It’s not often a remake is any good, but there are exceptions. Watching this trailer for the upcoming Japanese remake of Unforgiven (’92), one can’t help but think of Leone’s Clint Eastwood starring remake of Kurosawa’s Yojimbo, A Fistful of Dollars. This time it’s in reverse. The Eastwood movie is being remade by a Japanese director, Sang-il Lee.
It’s almost better to watch the version of the trailer without subtitles. If you know the original—and you do—you’ll know exactly what’s going on. But in the interest of checking out the new dialogue in familiar scenes, here it is with the English translation:
Usually when a movie is remade, it’s remade drastically. At least drastically enough that one can rant and rage about how the core beauty of the original was taken out and beaten to death with a tire iron, and why, if you’re going to take out what was best about the original, remake the damn thing in the first place? Zack Snyder’s brain-dead remake of Romero’s Dawn of The Dead comes immediately to mind. Or how about the Keanu Reeves version of The Day The Earth Stood Still? One sheds a tear at the mere memory of its existence.
So it’s unusual that this Unforgiven remake, while the dialogue appears to have been heavily altered, looks like it follows David Webb Peoples’s script scene for scene. Is this a good thing? In the case of Unforgiven, yes. I’ve actually long thought, in my blasphemous way, that it’d be a perfect movie to remake.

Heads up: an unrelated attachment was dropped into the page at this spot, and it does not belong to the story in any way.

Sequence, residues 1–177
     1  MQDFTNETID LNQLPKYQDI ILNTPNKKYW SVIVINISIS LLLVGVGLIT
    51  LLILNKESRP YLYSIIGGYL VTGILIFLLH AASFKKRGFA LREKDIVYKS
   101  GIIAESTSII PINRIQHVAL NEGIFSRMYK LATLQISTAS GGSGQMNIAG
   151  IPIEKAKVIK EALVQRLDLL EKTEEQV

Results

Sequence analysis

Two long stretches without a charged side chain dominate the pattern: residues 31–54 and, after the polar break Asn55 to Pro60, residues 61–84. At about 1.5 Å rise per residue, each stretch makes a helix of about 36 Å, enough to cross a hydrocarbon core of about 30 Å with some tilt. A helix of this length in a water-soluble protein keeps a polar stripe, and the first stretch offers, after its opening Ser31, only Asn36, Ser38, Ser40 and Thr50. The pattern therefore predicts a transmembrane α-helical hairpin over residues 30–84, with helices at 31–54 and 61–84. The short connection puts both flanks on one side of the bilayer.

Let’s see if I can unpack why.
Unforgiven is the best movie Clint Eastwood ever directed. Better than The Outlaw Josey Wales, better than…(pause while I scan IMDB)…okay, so there’s not much competition, but the point is, Unforgiven is a great movie. I loved it when it came out, I loved it on every subsequent viewing, and after not watching it for maybe a decade, I loved it the other night when I watched the blu-ray of it. It’s one of the most quotable movies ever made. The script is pure dynamite. Famously, Eastwood bought it from David Webb Peoples and then sat on it for a decade until he was old enough to play the part. Then he shot the thing page for page, word for word. An unheard of thing to do. It’s full of great performances. It’s by now a classic western.
So why remake it?
The thing is, as my IMDB perusal above reminds us, Eastwood has never been a great director. He’s not bad. Sometimes he’s perfectly good. Don Siegel was his inspiration and mentor (Siegel directed Eastwood in The Beguiled and Dirty Harry, among others). He taught Eastwood the style of having no style, of adapting one’s methods to the script at hand, and shooting it in as simple and unostentatious a manner as possible, a perfectly reasonable way to direct pictures, and one Siegel pulled off with, I’m afraid, far more panache than Eastwood ever has.
In the case of Unforgiven, Eastwood’s direction is just fine. It gets the job done. It’s not showy. Some scenes are suitably atmospheric. Others are lit blandly. The look is very much of its era. You know you’re in the ‘90s right away, something about the colors and the lighting. It’s edited well enough, yet the only real sense of flow to the picture comes from its genius script.